Abar (Queen)
Queen consort of Nubia and Egypt
King's Mother, Lady of Upper and Lower Egypt, etc
Taharqa followed by his mother Queen Abar. Gebel Barkal - room C (Lepsius: Denkmäler)
Possibly Nuri (Nuri 35)
SpousePharaoh Piye
IssuePharaoh Taharqa
Dynasty25th Dynasty of Egypt
MotherA sister of Alara of Nubia

Abar was a Nubian queen of the Kingdom of Kush dated to the Twenty-fifth Dynasty of Egypt. She is known from a series of stela found in Sudan and Egypt. Her appearances mark her as the niece of King Alara of Nubia, married to King Piye and the mother of King Taharqa.


in hieroglyphs
Era: New Kingdom
(1550–1069 BC)

Abar, a Nubian queen of the Kingdom of Kush dated to the Twenty-fifth Dynasty of Egypt,[1] is known from a stela (Stela V) found in Kawa, Sudan, recording that she was dedicated as a sistrum player at the temple by her father, as well in a similar scene at Jebel Barkal where she appears behind her son Taharqa and from a stela from Tanis, Egypt.[1][2] Another appearance by Abar is at the Amun Temple at Sanam, Sudan.[3]

Abar was the mother of King Taharqa and married to the King Piye. She was a niece of King Alara of Nubia (the daughter of his sister).[1] She was separated from her son, Taharqa, for a long period of time and when they were reunited there was much rejoicing as he had become Pharaoh in her absence. This may have been a deliberate reference to the separation of the Egyptian god Isis and her son Horus, who reunited under similar circumstances. An alternative theory is that the separation of mother and son was a tradition in the Kushite culture.[3]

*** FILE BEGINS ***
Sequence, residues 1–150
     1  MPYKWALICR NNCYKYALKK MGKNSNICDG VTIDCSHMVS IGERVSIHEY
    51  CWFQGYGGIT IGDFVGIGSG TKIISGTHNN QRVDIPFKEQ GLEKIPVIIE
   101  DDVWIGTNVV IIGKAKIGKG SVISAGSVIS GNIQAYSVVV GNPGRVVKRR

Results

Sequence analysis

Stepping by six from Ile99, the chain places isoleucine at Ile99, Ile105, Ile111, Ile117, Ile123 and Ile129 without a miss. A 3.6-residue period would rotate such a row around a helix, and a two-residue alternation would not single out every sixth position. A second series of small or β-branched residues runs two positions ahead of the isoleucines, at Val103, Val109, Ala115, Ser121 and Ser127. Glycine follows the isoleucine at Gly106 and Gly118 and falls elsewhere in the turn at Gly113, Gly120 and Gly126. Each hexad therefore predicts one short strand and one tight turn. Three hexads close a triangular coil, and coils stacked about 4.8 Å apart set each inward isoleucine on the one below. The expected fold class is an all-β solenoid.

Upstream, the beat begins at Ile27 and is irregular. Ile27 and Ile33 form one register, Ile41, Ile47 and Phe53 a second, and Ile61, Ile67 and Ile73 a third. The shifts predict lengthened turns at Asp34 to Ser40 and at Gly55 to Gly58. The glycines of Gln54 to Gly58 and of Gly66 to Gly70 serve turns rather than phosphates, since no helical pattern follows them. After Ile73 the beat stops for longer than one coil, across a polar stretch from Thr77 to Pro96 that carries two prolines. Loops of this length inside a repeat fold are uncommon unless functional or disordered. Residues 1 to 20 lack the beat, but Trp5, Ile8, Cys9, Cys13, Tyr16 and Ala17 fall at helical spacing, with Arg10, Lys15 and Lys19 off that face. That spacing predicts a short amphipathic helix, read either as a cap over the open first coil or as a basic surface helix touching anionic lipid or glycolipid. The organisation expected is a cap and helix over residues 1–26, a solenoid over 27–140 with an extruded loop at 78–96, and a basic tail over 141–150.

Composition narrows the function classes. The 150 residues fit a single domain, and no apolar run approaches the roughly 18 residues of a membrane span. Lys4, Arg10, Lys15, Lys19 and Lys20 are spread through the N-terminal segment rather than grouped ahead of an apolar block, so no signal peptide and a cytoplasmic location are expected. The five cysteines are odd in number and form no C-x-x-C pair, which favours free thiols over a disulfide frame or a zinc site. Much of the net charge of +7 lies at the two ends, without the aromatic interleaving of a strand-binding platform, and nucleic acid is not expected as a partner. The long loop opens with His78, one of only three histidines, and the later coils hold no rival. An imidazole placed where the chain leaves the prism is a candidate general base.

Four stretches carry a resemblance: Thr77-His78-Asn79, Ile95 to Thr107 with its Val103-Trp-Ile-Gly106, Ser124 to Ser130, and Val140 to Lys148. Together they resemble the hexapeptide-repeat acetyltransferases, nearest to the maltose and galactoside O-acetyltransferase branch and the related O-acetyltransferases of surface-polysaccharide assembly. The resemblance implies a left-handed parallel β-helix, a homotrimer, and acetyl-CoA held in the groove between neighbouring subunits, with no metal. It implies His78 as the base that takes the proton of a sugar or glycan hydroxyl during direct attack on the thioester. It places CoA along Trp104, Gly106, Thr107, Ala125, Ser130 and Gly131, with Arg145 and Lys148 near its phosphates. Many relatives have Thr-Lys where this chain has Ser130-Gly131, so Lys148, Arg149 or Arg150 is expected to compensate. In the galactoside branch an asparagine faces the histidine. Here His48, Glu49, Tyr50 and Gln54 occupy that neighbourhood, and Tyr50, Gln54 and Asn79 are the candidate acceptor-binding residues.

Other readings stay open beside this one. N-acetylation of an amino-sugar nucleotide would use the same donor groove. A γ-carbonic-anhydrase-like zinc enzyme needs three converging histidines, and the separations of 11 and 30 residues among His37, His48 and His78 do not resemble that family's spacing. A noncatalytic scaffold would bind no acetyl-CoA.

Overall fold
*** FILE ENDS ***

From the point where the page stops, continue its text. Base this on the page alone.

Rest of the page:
She held several titles: King's Mother (mwt niswt), King's Sister (snt niswt), Mistress of the foreign lands (nbt kh3swt), Lady of Upper and Lower Egypt (hnwt Sma'w mhw), Great Lady of the Two Lands (wrt nbt t3wy), Noble Lady (iryt p't), Great of Praises (wrt hzwt), and Sweet of Love (bnrt mrwt).[2] Records of Abar represent the earliest recording of the power of Queens in the Kingdom of Kush.[3] Reisner proposed that Abar may be buried in Nuri in tomb 35.[4]


  1. ^ a b c Dodson & Hilton 2004, pp. 234–240.
  2. ^ a b Grajetzki 2005, p. 88.
  3. ^ a b c Akyeampong & Gates 2012, pp. 4–5.
  4. ^ Dunham & Macadam 1949, pp. 139–149.


  • Dodson, Aidan; Hilton, Dyan (2004). The Complete Royal Families of Ancient Egypt. Thames & Hudson. ISBN 0-500-05128-3.
  • Dunham, Dows; Macadam, M. F. Laming (1949). "Names and Relationships of the Royal Family of Napata". The Journal of Egyptian Archaeology. 35: 139–149. doi:10.1177/030751334903500124. S2CID 192423817.
  • Grajetzki, Wolfram (2005). Ancient Egyptian Queens: a Hieroglyphic Dictionary. London: Golden House Publications. ISBN 978-0-954721-893.
  • Akyeampong, Emmanuel Kwaku; Gates, Henry Louis (2012). Dictionary of African Biography. Vol. 6. Oxford: Oxford University Press. ISBN 978-0-195382-075.